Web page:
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Original Paper

Editor's Choice - Free Access

Diagnostic Value of Antigen-Specific Immunoglobulin E Immunoassays against Ara h 2 and Ara h 8 Peanut Components in Child Food Allergy

Martinet J.a,c,d · Couderc L.b, e · Renosi F.a · Bobée V.a · Marguet C.b, e · Boyer O.a,c,d

Author affiliations

Departments of aImmunology and bPediatrics, Pneumology and Allergy, Rouen University Hospital, cIRIB, Normandy University, and dINSERM, U905, and eINSERM, CIC 1014, Rouen, France

Corresponding Author

Correspondence to: Dr. Jérémie Martinet

Department of Immunology, Rouen University Hospital, Rouen University

22 bd Gambetta

FR-76000 Rouen (France)

E-Mail jeremie.martinet@chu-rouen.fr

Related Articles for ""

Int Arch Allergy Immunol 2016;169:216-222

Abstract

Background: Peanut allergy is one of the most severe food allergies in children. The diagnostic gold standard is the oral food challenge (OFC). However, OFC has inherent risks and is time consuming. The measurement of specific immunoglobulin E (sIgE) to peanut components in blood detects peanut sensitization, but the decision point predicting allergy is still unclear. The aim of this study was to determine the diagnostic value of these tests for the evaluation of child peanut allergy. Methods: In this retrospective study, 81 children were referred for peanut allergy. The diagnosis of peanut allergy was based on the clinical context and a positive OFC. Levels of sIgE against whole peanuts or peanut components (Ara h 2 and Ara h 8) were determined by immunoassay. Results: The Ara h 2 sIgE assay has the best negative predictive value (0.93) and positive predictive value (1) at a cutoff of 0.1 kU/l. Ara h 2 sIgE titers can predict the risk of anaphylaxis (<0.44 kU/l, low risk; >14 kU/l, high risk). The Ara h 8 sIgE assay is not able to discriminate peanut-allergic patients but can be used to evaluate possible cross-reactions to birch pollen with a low risk of anaphylaxis. The best diagnostic strategy is to first determine the Ara h 2 sIgE level and, if negative, evaluate Ara h 8 sIgE. Conclusions: We propose an algorithm for a better use of peanut component sIgE immunoassays that should improve their diagnostic value and avoid unnecessary OFC.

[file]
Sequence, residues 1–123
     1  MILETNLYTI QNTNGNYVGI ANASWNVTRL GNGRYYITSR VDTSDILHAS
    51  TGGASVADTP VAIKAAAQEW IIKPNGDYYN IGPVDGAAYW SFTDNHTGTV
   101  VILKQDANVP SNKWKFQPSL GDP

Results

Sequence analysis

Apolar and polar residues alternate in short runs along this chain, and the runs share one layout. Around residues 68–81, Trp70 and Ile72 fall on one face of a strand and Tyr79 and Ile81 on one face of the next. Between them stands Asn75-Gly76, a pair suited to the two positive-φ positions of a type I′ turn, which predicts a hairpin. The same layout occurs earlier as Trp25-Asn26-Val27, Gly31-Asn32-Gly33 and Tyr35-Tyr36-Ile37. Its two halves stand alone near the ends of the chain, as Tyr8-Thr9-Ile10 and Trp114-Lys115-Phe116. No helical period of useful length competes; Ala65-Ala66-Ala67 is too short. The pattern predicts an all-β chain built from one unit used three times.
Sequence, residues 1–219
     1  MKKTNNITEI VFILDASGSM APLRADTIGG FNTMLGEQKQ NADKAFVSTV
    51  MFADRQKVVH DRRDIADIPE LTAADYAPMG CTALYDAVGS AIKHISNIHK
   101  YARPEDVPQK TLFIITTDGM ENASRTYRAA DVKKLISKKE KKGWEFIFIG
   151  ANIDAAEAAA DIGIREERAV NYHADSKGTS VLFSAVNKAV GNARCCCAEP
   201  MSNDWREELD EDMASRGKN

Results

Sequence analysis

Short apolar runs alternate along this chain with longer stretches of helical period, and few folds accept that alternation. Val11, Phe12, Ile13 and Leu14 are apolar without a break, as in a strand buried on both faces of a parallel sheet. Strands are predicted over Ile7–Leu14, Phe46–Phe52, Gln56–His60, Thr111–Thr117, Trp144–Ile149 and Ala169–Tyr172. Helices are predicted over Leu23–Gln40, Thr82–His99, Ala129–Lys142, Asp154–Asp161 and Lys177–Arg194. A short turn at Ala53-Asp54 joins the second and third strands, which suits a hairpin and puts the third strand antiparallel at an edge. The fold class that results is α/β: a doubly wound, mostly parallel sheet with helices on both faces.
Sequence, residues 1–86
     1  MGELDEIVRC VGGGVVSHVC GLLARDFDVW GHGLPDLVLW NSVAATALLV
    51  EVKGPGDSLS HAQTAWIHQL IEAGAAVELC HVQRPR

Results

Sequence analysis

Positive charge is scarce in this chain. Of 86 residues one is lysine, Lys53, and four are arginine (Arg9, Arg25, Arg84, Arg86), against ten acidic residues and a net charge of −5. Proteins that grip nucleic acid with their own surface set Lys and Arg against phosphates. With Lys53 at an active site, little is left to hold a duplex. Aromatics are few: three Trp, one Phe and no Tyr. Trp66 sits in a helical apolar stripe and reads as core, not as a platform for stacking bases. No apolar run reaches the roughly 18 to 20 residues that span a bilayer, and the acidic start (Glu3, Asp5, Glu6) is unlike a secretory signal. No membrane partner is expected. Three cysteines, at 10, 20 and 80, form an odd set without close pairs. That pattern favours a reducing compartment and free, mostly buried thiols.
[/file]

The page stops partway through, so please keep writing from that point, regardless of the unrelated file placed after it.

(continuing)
© 2016 S. Karger AG, Basel


Introduction

Peanut allergy is one of the most frequent food allergies capable of eliciting severe reactions in childhood, with an increased prevalence over the years [1]. Disease onset generally occurs within the first years of life and spontaneously resolves in only 15% of patients [2]. Allergic reaction to this allergen is associated with fatal anaphylaxis [3,4]. Therefore, as peanut intake is common in Western countries, a profound change in dietary habits is required for allergic patients, with an impact on their quality of life [5,6,7,8]. Currently, oral food challenge (OFC) is the gold standard for the diagnosis of peanut allergy. Furthermore, OFC allows evaluation of the food amount that triggers anaphylaxis [9,10]. Laboratory tests measuring the serum levels of specific immunoglobulin E (sIgE) directed against whole-peanut protein extracts have been used to evaluate peanut sensitization. However, even when combined with skin tests, these assays are not able to accurately diagnose peanut allergy and evaluate the risk of anaphylaxis because of a lack of sensitivity and specificity [11,12].

Component sIgE immunoassays have been proposed to improve the diagnosis of allergy. Notably, they are meant to better categorize patients into groups with different prognoses, i.e. those at a low or high risk for anaphylaxis. Regarding peanut allergy, Ara h 2, a storage protein also referred to as conglutin, has been identified as a major allergen [13,14,15]. Another peanut allergen, i.e. Ara h 8, a so-called pathogenesis-related protein (PR-10), is associated with mild peanut-induced reactions and cross-reacts with other PR-10 such as birch pollen protein Bet v 1 [16]. The diagnostic value of these component sIgE immunoassays, and notably their role in the diagnostic strategy, requires more thorough investigation [17,18].

We aimed to assess the possibility of predicting severe peanut allergy, as well as the diagnostic accuracy values of whole-peanut and peanut component sIgE immunoassays, by studying a cohort of children referred to our center for peanut OFC, and to propose a diagnostic strategy to guide the evaluation and interpretation of whole-peanut and peanut component sIgE.

Patients and Methods

Study Design

Eighty-one children referred to the Pediatric Department of Rouen University Hospital for investigation of peanut allergy were included in this retrospective study. This study was approved by the Research and Ethics Committee of Rouen University Hospital under the reference E2014-15.

The inclusion criteria were: (i) referral to the tertiary allergy center for peanut OFC and (ii) serum measurement of sIgE against whole peanut and Ara h 2 and Ara h 8 components. The diagnosis of peanut allergy was based on: (i) a documented self-reported immediate reaction to peanut and a positive OFC, (ii) a recent severe anaphylaxis reaction after peanut feeding associated with a positive peanut prick test, and obviously no OFC. Clinical data were recorded and the patients were diagnosed as proven peanut allergic or tolerant.